mostly limited to inmates for whom DNA tests were not available or not
admissible during their trials.

Original samples of material to be tested must have been kept secure
over the years and not tainted.
In Massachusetts, a group of prisoners was suing the state in 1998 over a new
law requiring most
inmates to give blood for a DNA data base.

The inmates said the law was unconstitutional. The law required anyone convicted of any of 33 crimes–ranging
from prostitution to murder–to give a blood sample. The group of inmates who were suing the state were convicted
killers serving life sentences.
Like New York and Illinois, all other
states must incorporate free DNA testing to allow a just system of law even
though the test is expensive. Only the
convicts who are guilty of the crime may resist DNA testing. In the states that do not have free DNA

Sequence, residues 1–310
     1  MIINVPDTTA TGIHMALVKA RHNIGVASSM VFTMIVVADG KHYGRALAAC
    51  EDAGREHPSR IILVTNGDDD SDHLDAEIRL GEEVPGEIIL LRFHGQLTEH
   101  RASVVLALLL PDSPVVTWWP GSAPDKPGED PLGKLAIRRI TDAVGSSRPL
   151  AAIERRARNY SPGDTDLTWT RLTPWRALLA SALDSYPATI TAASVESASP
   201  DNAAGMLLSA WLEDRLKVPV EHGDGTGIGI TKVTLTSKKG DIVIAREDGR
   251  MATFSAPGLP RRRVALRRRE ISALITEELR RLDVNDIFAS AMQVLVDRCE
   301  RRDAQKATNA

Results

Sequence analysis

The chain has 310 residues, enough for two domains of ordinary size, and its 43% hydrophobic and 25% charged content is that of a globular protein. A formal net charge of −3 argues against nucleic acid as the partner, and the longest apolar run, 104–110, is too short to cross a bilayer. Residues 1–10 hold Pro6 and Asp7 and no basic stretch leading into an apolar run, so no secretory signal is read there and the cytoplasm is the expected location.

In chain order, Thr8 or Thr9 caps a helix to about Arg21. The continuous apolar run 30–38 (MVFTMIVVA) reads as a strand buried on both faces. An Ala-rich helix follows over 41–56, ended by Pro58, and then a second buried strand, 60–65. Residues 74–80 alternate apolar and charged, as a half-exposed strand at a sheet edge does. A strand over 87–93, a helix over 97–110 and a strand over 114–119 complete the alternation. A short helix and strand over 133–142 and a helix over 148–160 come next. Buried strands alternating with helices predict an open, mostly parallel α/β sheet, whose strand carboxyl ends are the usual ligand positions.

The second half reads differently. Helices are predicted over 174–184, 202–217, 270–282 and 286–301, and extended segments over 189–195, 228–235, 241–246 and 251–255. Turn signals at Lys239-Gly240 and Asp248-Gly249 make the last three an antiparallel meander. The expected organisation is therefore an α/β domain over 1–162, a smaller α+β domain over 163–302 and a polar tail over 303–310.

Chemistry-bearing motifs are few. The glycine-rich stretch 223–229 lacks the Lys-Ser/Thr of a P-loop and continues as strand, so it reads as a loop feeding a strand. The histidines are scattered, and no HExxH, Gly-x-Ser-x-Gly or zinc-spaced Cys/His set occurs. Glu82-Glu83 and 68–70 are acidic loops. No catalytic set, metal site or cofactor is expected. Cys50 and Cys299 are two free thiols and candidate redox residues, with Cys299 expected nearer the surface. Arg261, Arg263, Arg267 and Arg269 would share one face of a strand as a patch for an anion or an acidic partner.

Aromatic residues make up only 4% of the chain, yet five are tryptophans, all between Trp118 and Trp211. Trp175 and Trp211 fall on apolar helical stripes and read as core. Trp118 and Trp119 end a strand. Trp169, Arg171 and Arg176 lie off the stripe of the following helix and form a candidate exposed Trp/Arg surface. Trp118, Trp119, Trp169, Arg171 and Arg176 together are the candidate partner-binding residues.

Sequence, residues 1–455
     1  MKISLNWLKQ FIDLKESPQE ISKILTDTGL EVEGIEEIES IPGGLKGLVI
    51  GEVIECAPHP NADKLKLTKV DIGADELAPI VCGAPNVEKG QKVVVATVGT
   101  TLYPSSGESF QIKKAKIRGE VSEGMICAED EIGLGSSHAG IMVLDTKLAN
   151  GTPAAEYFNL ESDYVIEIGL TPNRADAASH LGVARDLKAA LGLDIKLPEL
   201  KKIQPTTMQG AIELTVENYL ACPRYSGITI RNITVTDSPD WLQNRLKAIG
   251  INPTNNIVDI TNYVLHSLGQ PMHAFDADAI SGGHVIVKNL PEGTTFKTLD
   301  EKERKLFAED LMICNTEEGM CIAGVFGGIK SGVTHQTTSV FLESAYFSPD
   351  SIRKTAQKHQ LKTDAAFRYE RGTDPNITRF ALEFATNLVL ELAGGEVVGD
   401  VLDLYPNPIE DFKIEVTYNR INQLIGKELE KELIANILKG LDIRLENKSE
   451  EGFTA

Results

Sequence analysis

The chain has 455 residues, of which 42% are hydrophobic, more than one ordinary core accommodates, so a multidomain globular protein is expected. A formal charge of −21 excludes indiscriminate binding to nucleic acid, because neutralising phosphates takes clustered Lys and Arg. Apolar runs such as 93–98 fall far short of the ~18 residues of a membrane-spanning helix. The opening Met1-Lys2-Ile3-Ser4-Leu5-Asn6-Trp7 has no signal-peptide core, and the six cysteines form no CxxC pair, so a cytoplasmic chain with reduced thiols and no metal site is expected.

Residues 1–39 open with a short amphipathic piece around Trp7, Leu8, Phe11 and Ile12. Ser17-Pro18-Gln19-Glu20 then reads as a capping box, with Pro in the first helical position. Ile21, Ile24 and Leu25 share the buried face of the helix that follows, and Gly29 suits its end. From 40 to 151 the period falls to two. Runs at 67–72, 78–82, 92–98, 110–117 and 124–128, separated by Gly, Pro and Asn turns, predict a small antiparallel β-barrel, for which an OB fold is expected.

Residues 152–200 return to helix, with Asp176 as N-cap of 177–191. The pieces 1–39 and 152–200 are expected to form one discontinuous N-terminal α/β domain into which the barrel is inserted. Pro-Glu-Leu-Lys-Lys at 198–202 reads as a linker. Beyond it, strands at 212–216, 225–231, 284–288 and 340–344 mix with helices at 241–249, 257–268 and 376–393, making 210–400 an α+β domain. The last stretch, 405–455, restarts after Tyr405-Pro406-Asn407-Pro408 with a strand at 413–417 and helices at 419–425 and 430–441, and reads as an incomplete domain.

testing, those who were, for instance, present on the scene of the crime but
not guilty, may be stopped by their attorneys from having the test as the
prosecutors may use the evidence against the convicts and justice may be
stopped. After all in such states, the
prosecutors have the final say in whether the test is done. An innocent prisoner may not resist this
test. Perhaps the guilty convicts
resist as they assume that the DNA testing would be useless. Furthermore, a guilty convict may feel that
he could be executed due to further evidence or his sentence may be

1. Argetsinger, Amy and Whitlock, Craig. (1999. May). Maryland
Seeks DNA of Criminals. Washington Post. Retrieved May 26, 2001 from the World
Wide Web:
2. Beaird, Joe. (2000. February). Actual Innocence: Making the
Case for DNA. Prominent Attorneys Argue for More Scientific Evidence. Retrieved
May 26, 2001 from the World Wide Web:
3. Shannon, Kelley. (2001. January). Senate bill would give
prisoners DNA testing access. Retrieved May 26, 2001 from the World Wide Web:
4. Va Judge. (2000. September). Va Judge: Inmates Can Get
DNA Test. Retrieved May 26, 2001 from the World Wide Web: